The replacement hard drive and software CDs that Dell sent (as explained in my last post) arrived yesterday, pleasantly ahead of schedule. It’s been quite a while since the last time I installed Windows XP, and the experience was somewhat of a trip down memory lane of times I’d rather leave in the past (and, for the most part, I have).
My first reminder of just how long ago it really was when XP was first released was when, at the end of “Part 1,” I was reminded prior to rebooting: “If there is a floppy disk in drive A:, remove it.” I realize we’re only talking about 5 or so years ago, but the concept that people were still using floppy disks to boot their PCs to install an operating system that’s still in wide use today was sort of a shock to me.
The fun was just starting, though. During “Part 2” of the Windows XP installation, the user is shown a series of screens full of marketing hype, the purpose of which is presumably to get him or her psyched up about the OS being installed (and have something to read during the half-hour-plus installation). Some of the messages are quaint pieces of nostalgia:
Built-in fax support helps you send faxes directly from your favorite programs and receive faxes right from your computer.
Wow, really? How can I learn more about this new-fangled “fax” technology you speak of?
With Movie Maker, you just transfer movies from your analog or digital video camera to your computer, then put your favorite clips together (and cut out the ones you don’t like), add music, narration, and title slides–even still photographs.
Remember analog video cameras? Remember when basic video editing on a commodity PC was a fairly novel concept?
The installation later goes on to proudly boast that Windows XP is even capable of running “programs with full-color graphics, video, 3-D animation, or surround sound,” as well as kindly pointing out that “CD-Recordable (CD-R) drives and CD-ReWritable (CD-RW) drives are now affordable options on most home computers.”
Maybe it should be viewed as impressive, in a way, that Microsoft produced an operating system at a time when floppies were still the norm and CD-R drives were just becoming “affordable” that has managed to rule the desktop PC market for over 5 years now. But when viewed in the context of all of its failures, some of the claims and promises made by the Windows XP installation program are just funny:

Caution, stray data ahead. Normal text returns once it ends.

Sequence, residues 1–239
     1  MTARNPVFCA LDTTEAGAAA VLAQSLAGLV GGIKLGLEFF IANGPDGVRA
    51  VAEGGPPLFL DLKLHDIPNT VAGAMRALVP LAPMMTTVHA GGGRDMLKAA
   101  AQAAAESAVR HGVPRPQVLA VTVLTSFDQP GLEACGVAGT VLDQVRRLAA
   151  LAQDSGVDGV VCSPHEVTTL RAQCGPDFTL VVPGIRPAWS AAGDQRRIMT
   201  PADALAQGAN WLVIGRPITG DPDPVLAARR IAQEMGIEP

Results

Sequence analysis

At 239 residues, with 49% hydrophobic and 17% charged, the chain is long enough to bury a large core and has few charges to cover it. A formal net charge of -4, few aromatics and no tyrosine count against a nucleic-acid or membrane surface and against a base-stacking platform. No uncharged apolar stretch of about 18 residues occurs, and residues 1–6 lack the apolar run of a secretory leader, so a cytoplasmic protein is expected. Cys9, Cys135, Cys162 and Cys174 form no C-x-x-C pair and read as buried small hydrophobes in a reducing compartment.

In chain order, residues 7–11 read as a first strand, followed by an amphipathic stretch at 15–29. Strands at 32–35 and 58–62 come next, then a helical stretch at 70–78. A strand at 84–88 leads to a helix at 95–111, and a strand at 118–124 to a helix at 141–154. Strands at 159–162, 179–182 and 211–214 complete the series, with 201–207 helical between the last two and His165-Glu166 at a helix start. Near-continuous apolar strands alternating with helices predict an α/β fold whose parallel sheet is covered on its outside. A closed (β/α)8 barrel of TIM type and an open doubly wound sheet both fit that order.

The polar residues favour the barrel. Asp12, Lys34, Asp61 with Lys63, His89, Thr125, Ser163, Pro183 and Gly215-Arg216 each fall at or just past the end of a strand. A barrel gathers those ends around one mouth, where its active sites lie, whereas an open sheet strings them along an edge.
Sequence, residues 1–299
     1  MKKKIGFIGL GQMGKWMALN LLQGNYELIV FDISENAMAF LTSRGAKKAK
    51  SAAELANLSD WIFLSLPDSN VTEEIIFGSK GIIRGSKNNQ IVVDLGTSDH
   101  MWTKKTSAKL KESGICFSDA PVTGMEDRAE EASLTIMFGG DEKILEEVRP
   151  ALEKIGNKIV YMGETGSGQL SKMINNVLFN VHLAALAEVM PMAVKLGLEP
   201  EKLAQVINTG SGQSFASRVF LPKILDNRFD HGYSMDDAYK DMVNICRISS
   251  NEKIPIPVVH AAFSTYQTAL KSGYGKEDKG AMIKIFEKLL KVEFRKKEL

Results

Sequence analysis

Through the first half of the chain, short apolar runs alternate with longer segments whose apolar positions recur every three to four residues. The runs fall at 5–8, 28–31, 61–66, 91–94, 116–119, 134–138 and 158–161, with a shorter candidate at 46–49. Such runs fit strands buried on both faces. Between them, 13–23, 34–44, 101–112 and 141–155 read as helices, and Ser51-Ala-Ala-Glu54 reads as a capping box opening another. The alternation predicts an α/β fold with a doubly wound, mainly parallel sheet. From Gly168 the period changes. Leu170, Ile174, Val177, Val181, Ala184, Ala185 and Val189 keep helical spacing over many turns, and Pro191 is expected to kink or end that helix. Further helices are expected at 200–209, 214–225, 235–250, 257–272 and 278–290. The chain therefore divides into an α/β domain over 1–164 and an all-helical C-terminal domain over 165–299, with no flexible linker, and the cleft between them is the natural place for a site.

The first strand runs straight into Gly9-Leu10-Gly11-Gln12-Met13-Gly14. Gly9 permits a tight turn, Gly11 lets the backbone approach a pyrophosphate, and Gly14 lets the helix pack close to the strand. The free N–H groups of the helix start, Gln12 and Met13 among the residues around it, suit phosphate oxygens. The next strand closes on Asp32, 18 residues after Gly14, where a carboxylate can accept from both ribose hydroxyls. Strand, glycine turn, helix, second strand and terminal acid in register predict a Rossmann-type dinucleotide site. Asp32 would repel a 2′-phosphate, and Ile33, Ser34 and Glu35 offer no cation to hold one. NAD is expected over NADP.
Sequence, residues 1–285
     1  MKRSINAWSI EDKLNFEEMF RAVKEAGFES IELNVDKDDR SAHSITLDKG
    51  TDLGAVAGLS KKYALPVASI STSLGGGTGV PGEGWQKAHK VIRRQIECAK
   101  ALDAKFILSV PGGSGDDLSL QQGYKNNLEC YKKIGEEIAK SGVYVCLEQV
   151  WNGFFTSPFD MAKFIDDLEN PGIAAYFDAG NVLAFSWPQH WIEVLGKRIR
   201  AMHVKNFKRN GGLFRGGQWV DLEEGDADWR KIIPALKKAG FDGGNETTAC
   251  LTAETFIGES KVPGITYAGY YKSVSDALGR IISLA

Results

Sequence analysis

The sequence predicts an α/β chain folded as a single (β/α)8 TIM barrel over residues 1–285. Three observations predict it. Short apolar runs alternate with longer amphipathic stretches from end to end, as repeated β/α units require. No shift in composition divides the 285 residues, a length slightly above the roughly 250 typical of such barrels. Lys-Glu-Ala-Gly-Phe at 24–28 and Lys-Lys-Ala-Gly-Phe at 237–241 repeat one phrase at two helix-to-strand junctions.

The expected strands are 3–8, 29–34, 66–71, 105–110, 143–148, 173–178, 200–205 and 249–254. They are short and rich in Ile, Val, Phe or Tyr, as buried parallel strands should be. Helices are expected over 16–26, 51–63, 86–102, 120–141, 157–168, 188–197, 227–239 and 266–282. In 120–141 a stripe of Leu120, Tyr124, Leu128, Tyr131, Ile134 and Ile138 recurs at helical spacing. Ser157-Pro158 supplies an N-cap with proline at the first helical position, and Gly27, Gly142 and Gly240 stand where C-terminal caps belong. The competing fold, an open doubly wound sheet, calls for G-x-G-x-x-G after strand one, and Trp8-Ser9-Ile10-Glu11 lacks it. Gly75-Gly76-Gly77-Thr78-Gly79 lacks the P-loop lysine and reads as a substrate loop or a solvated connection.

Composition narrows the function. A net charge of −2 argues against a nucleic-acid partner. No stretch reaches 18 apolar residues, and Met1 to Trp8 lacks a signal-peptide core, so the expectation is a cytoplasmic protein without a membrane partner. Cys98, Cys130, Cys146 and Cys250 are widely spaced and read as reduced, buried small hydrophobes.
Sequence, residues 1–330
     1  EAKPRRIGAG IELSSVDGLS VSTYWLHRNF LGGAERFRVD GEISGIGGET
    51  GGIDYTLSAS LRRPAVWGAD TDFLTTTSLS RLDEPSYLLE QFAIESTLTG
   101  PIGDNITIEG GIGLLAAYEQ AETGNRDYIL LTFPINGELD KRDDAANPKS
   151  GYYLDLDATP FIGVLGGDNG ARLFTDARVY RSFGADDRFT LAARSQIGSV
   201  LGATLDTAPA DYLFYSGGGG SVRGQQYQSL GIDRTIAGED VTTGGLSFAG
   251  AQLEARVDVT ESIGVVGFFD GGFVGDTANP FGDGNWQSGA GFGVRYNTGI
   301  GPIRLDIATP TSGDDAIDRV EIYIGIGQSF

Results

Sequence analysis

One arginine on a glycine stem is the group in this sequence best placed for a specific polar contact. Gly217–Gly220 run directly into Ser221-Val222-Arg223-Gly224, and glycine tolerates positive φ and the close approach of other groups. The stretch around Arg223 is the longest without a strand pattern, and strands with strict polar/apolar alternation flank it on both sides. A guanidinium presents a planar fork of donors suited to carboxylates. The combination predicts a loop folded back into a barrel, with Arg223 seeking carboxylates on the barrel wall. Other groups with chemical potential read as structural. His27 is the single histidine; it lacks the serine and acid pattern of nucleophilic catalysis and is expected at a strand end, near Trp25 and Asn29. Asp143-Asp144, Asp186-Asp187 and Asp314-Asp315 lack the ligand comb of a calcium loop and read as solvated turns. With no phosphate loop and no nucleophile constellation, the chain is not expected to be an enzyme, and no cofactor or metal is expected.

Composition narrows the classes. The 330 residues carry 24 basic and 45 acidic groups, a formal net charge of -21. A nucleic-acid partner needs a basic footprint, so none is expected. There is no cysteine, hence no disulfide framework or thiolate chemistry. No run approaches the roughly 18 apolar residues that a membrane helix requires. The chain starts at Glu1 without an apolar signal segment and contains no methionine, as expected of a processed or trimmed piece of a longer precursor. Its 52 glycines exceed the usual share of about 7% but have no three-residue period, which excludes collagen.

“Windows XP Home Edition not only starts faster than any previous version of Windows, but it also runs your programs more quickly and reliably than ever. If a program becomes unstable, you can close it without having to shut down windows or lose any of your work.”
Remember the promise of real job control? Remember how well they delivered on that? Neither do I. It seems like more and more often, when a process on my Windows XP box hangs or locks up (something that happens altogether too frequently as it is), it takes the whole OS down with it. Oh, sure, Windows acts like it’ll let you kill that one disobedient application and continue working. But I can’t count how many times I’ve sat there clicking on the “End Task” button over and over again, without the OS ever deciding to acknowledge me. Meanwhile, the runaway program sits there, most of its window filled with nothing but blank unresponsive whiteness, happy to continue ignoring me. And that’s not even touching on the all-to-common situation when the program that stops responding is explorer.exe, the user interface shell. The installation procedure, though, was sure to remind me that I was installing “the most reliable Windows ever,” which is sort of like referring to the least unpleasant rape you’ve ever experienced.
“Windows XP features the most secure version of Internet Explorer to date.”
This one just has to be a blatant lie. If the program PC World named #8 on its 25 Worst Tech Products of All Time list was actually more secure than its predecessors, then they must’ve been completely vulnerable at all times and we just don’t remember it– IE6’s reputation is legendary. This is an even more dubious statement when you consider that I was installing Windows XP SP2, which was released in late August of 2004, after IE6 had already proven its track record.
I was reminded of a couple other embarrassing failures during the installation process, too: Fast User Switching, Microsoft’s latest attempt to demonstrate how poorly they understand the concept of a multi-user system, and the Windows Firewall, which was short-sightedly not included in the original release (it was part of Service Pack 1), and naively did not default to being enabled until SP2.
I think the whole story of XP was summed up well by a Washington Post article that describes how “the operating system has met only a few of its goals while falling short of others in a catastrophic manner.” Thinking about Microsoft’s optimism when XP came out made me even more skeptical than I already am about Vista. If the industry is cursed enough to be dominated by Vista in 2012 (a prospect I’m very dubious of), I’m expecting a “look back” similar to this one to be even sadder.